August 2, 2022
Inside the Inflation Reduction Act proposed last week by Senators Manchin and Schumer is a hidden return to normal, a call to pay our fair share, a reinstatement of the Superfund Tax that ceased in 1995 on the production and import of specific petroleum products. These same petroleum products, when produced, often result in toxic chemicals released into our environment.
Where these toxic chemicals are released measured by Congressional district are described in Responsible Alpha's latest dashboard Toxic Chemicals and Congressional Districts in the U.S.
Beyond the bill’s headline $370 billion in funding to mitigate the climate crisis, there is a fee on the potent climate change gas, methane – up to $1,500 a ton – which is now at 1,896 parts per billion, 162% greater than pre-industrial levels.
ExxonMobil, Chevron, and Shell announced a record combined $46 billion in earnings in Q2 ’22. The climate bill also announced needed adjustments to the royalty rate companies pay to the government for oil and gas produced on federal land.
Singapore is launching its first sovereign green bond aiming to raise at least $1.5 billion for public transport expansion in the land-locked country. The tenor of the Singapore dollar debt will be between 30 to 50 years with the use of proceeds to support green infrastructure and other environmental benefits. The debt is the first of a growing government mandated pipeline of up to $35 billion in green sovereign debt to be issued under the Singapore Green Plan 2030.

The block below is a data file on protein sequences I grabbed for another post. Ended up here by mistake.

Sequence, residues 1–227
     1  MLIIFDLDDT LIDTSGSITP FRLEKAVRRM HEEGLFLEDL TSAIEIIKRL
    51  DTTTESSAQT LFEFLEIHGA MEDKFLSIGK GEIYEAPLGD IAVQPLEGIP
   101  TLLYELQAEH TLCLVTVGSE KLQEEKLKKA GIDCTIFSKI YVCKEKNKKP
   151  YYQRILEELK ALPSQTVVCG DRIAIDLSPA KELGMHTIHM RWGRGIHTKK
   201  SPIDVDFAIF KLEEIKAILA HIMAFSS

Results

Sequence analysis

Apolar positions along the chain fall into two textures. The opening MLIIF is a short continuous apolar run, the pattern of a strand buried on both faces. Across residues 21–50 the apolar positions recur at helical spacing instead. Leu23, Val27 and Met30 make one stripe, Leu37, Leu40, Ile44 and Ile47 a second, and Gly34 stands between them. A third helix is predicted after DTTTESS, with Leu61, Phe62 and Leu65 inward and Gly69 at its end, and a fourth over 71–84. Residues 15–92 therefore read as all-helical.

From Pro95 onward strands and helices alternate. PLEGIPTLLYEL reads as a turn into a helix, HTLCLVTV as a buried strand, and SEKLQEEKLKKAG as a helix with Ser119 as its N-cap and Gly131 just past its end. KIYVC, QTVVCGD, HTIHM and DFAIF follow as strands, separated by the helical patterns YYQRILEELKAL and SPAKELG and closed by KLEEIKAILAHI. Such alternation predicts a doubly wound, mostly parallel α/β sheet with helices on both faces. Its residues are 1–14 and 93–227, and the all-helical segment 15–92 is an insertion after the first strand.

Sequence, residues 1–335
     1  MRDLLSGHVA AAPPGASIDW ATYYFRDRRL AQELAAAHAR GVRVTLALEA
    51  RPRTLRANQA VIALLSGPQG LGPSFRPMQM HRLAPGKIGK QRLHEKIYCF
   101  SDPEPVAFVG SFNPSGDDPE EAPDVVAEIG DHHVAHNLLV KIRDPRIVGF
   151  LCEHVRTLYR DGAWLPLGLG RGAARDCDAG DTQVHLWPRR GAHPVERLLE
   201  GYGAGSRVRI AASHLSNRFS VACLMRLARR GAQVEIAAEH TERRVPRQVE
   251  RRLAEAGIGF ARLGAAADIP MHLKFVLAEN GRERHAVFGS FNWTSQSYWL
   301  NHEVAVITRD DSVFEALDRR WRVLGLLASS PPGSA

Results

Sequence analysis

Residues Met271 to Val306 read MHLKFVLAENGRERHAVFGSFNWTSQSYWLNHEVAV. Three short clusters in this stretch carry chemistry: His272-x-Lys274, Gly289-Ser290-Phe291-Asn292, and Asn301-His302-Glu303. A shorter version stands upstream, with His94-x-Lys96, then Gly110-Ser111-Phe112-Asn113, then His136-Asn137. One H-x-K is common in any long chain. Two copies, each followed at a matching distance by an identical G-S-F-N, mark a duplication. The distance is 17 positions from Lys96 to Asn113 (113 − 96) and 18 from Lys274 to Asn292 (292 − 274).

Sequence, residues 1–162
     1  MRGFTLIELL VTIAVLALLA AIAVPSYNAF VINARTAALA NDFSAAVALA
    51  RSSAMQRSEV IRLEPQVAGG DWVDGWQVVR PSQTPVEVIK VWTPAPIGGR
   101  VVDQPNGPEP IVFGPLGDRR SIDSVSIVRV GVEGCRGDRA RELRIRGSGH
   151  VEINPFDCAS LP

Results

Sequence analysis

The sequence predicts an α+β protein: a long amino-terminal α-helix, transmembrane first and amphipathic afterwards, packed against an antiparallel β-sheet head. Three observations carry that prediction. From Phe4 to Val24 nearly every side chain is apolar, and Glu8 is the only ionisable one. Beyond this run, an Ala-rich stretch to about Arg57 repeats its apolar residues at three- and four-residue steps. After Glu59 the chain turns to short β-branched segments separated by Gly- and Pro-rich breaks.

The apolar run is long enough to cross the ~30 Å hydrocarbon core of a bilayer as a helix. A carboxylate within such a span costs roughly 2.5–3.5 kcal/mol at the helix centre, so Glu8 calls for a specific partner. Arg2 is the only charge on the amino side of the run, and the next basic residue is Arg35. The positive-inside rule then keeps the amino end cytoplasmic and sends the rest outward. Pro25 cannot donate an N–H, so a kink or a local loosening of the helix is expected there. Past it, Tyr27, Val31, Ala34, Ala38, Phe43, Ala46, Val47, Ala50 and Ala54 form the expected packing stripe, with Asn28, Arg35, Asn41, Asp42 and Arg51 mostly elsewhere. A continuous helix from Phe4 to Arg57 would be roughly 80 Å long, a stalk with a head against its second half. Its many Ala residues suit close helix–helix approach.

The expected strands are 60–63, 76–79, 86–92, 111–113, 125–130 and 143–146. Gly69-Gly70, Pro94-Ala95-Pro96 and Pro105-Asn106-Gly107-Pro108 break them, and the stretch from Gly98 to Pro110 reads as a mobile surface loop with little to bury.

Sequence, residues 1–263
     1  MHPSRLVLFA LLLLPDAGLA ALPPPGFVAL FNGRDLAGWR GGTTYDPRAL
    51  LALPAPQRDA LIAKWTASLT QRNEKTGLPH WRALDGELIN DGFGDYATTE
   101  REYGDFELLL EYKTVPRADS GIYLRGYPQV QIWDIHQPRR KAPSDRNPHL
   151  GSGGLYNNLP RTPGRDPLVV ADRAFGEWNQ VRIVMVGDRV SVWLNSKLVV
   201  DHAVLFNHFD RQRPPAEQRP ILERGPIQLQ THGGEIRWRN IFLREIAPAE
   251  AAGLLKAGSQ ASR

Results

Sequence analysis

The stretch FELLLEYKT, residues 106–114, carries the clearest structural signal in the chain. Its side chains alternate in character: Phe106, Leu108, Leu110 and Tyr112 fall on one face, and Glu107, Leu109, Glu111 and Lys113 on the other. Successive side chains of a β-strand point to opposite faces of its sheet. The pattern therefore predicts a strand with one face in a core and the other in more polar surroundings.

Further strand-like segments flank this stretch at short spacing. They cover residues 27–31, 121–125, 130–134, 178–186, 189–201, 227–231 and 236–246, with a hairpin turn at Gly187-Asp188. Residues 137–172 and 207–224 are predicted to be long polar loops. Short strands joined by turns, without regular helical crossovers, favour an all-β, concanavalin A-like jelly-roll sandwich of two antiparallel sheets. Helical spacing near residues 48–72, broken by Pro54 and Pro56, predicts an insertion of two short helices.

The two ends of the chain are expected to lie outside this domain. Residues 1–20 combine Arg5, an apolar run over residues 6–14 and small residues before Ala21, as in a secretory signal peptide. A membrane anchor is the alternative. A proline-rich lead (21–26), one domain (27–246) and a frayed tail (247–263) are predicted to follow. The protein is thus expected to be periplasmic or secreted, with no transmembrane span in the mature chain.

The Investment Integration Project (TIIP) released a report on how companies can work to create sustainable and long-term value through systems-level changes. The report found that investors are aware that they need to tackle issues such as climate change and income inequality, but they struggle with where to begin with ESG integration. Investors are looking to address the risks and opportunities highlighted by TIIP to fulfill their fiduciary obligation to maximize long-term financial returns to their clients and beneficiaries.
Indices, Commodities, and Derivatives
Russia announced it is weaponizing its gas exports to the EU by halting flows to Latvia, which has been a critic of Russia’s war on Ukraine. While European gas prices unsurprisingly increased by 6% as a result, Russia has previously halted or decreased fossil gas flows to companies in other European countries including Poland, Germany, and the Netherlands. Russia supplies about 40% of the fossil gas used in the EU.
Latvia’s 2020 fossil gas imports from Russia valued at $201 million were only 1% of Latvia’s overall 2020 imports of $19.3 billion. In 2020, 79% of Latvia’s fossil gas imports were from Russia.
Markets, and Fiscal and Monetary Policies
While it was no surprise that the U.S. Fed raised rates by 0.75% last week, it was surprising to see the European Central Bank raising interest rates for the first time in 11 years by 0.50%. Following Switzerland's central bank surprise with its first increase in 15 years last month, the rates environment in the EU now favors firms positioned to withstand volatile markets with products and services that are built for the new normal, where climate change impacts capital allocation strategies.